Hitachi creates dedicated notebook 7200rpm HDD
Plus Nvidia revamps nForce 2, and HP's new widescreen notebook
Reg Kit Watch
Hitachi has unveiled what it claims is the first 7200rpm hard drive designed for mobile systems, the Travelstar 7K60.
To date, mobile-oriented drives have had to run at 5400rpm, says Hitachi, in order to maintain acceptable noise levels and power consumption. Vendors have offered 7200rpm hard drives for notebooks, but these have really been units designed for desktop use, it claims.
The 7K60 spins 33 per cent faster than a 5400rpm drive, which contributes to a 15 per cent improvement in data transfer rates and a 20 per cent lower rotational latency, ie. the time it takes to get the data required in position under the read-write head.
At the heart of the 7K60 is Hitachi's 'femto' slider - the "tiny flying wing supporting the read/write head above the surface of the disk". It's 30 per cent smaller than the previous generation of slider. So what? you say. Well, replies Hitachi, it means the drive consumes 11 per cent less power and increases the surface area available for recording by 3.5 per cent.
They may be small figures, but they are enough to allow Hitachi to change other drive specifications in order to allow it to raise each platter's rotational speed to 7200rpm without significantly increasing the unit's overall power consumption and noise level.
The femto slider also raises the drives resistance to shocks by 25 per cent, making the unit more suitable for computing on the move, says Hitachi.
The 7K60 offers 60GB of storage on two glass platters in a 2.5in form factor. The drive offers 50 billion bits per square inch maximum areal density. It has a 10ms seek time and a 4.2ms average latency. It weighs 95g.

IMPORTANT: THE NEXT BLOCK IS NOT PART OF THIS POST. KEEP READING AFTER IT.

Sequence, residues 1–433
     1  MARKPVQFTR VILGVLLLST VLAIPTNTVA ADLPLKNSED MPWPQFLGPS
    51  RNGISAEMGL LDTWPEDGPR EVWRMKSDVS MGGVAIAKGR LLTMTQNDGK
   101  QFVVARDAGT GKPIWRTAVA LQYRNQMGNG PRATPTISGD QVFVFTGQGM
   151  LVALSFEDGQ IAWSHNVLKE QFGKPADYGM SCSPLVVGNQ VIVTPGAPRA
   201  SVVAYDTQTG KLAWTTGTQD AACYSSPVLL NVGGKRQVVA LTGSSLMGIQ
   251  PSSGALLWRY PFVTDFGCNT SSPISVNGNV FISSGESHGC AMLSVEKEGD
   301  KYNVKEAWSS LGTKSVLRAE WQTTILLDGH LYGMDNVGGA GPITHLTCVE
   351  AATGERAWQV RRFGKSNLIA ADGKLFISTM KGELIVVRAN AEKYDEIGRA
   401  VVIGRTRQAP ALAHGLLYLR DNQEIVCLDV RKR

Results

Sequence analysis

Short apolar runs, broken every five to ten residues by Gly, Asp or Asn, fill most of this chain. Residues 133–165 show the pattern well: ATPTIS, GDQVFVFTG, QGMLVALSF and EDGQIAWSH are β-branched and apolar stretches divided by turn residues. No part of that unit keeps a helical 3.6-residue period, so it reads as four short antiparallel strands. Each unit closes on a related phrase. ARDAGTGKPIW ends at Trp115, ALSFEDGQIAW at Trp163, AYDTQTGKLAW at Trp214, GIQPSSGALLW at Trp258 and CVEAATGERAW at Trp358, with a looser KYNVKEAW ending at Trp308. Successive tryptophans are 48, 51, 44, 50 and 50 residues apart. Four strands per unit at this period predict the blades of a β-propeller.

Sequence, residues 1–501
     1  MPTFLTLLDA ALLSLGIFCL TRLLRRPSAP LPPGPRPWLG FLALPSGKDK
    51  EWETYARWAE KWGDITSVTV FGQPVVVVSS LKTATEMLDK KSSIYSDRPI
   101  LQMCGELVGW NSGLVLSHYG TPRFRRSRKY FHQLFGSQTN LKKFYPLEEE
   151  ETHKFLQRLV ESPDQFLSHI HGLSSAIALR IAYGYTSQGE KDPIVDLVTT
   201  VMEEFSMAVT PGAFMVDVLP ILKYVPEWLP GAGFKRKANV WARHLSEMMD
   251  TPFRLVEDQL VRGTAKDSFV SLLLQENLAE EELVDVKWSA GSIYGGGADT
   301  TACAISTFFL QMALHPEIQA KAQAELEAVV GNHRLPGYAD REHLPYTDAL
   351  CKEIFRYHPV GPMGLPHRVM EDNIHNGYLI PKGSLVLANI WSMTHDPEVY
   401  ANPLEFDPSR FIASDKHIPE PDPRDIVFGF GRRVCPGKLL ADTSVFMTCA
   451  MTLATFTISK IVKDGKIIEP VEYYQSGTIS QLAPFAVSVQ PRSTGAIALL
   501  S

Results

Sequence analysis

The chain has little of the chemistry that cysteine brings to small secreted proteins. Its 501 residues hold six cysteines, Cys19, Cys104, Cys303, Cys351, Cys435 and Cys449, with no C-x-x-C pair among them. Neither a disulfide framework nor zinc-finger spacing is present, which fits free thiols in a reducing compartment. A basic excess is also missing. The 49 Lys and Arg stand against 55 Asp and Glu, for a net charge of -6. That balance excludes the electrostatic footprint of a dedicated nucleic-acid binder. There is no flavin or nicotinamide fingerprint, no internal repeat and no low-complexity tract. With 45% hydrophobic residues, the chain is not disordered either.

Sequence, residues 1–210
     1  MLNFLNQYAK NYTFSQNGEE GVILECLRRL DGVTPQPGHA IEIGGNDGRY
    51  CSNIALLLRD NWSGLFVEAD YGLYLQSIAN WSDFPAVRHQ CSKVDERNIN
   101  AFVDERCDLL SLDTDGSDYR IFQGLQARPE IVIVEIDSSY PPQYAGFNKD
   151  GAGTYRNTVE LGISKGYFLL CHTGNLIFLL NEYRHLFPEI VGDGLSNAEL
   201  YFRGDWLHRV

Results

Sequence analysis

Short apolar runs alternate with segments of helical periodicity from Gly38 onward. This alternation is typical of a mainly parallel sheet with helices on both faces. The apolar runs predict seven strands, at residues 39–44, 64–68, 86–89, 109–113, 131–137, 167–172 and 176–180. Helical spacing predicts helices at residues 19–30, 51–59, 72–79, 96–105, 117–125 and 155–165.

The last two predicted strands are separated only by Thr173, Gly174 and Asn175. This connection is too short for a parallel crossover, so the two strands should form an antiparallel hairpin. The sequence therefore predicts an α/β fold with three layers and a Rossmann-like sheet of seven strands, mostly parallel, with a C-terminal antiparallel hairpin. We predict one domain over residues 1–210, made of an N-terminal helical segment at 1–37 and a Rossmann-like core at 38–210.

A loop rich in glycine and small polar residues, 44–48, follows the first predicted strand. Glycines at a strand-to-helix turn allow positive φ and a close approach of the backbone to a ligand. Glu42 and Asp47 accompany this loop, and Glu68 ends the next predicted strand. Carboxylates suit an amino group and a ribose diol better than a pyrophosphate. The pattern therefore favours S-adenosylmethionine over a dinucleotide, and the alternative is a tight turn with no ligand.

Hitachi has used the same technology to rack its 2.5in 5400rpm offering to an 80GB capacity. The 5K80, along with the 7K60, will be shipping in volume later this month. Hitachi did not reveal pricing.
Nvidia has announced its support for AMD's 400MHz frontside bus, which debuted this week with the Athlon XP 3200+. Nvidia's nForce 2 400 and nForce 2 Ultra 400 support the new FSB.
The nForce 2 Ultra 400 provides 400MHz DDR SDRAM support across a dual-channel bus. The nForce2 400 offers only single-channel DDR support to enable Nvidia to hit a lower price point. Both parts offer AGP 8x graphics,
Motherboards based on the new parts are available immediately from a wide range of vendors, said Nvidia, and include ABIT, ASUSTeK, Microtech, Chaintech, FIC, MiTAC, MSI, QDI/Legend, Shuttle and Soltek.
HP has launched a 'ground-breaking' graphics and multimedia-oriented 15.4in widescreen notebook, the Compaq Presario X1000.
The X1000 is based on Intel's Centrino platform, offering a Pentium M CPU at 1.3, 1.4, 1.5 and 1.6GHz, plus Intel's Pro Wireless 2100 802.11b card. HP is offering an integrated Bluetooth module as an option.
The 15.4in display operates at 1920x1200, 1680x1050 and 1280x800 widescreen resolutions. It's apparently "20 per cent brighter, features 33 per cent wider viewing angles and includes an improved contrast ratio compared to traditional notebook displays". It is driven by a choice of ATI Mobility Radeon 9200 with 64MB or 32MB of DDR SDRAM, or the Mobility Radeon 7500 with 32MB of DDR.
Buyers can select a 40, 60 or 80GB 5400rpm hard drive, and a 24x CD-ROM, 8x DVD, 24x CD-RW/DVD combo, or DVD+RW optical drive. They can add up to 2GB of 266MHz DDR SDRAM.
Whatever options buyers choose, they'll get three USB 2.0 ports, one 1394 port and an S-Video output. The X1000 sports integrated 10/100Mbps Ethernet, a built-in 56Kbps modem and an SD/MMC card slot.
The notebook is 3.25cm (1.3in) thick and only weighs 2.95kg (6.5lbs). It offers five hours' of battery life, HP claims. It goes on sale on 21 May in the US for around $1299 and up. ®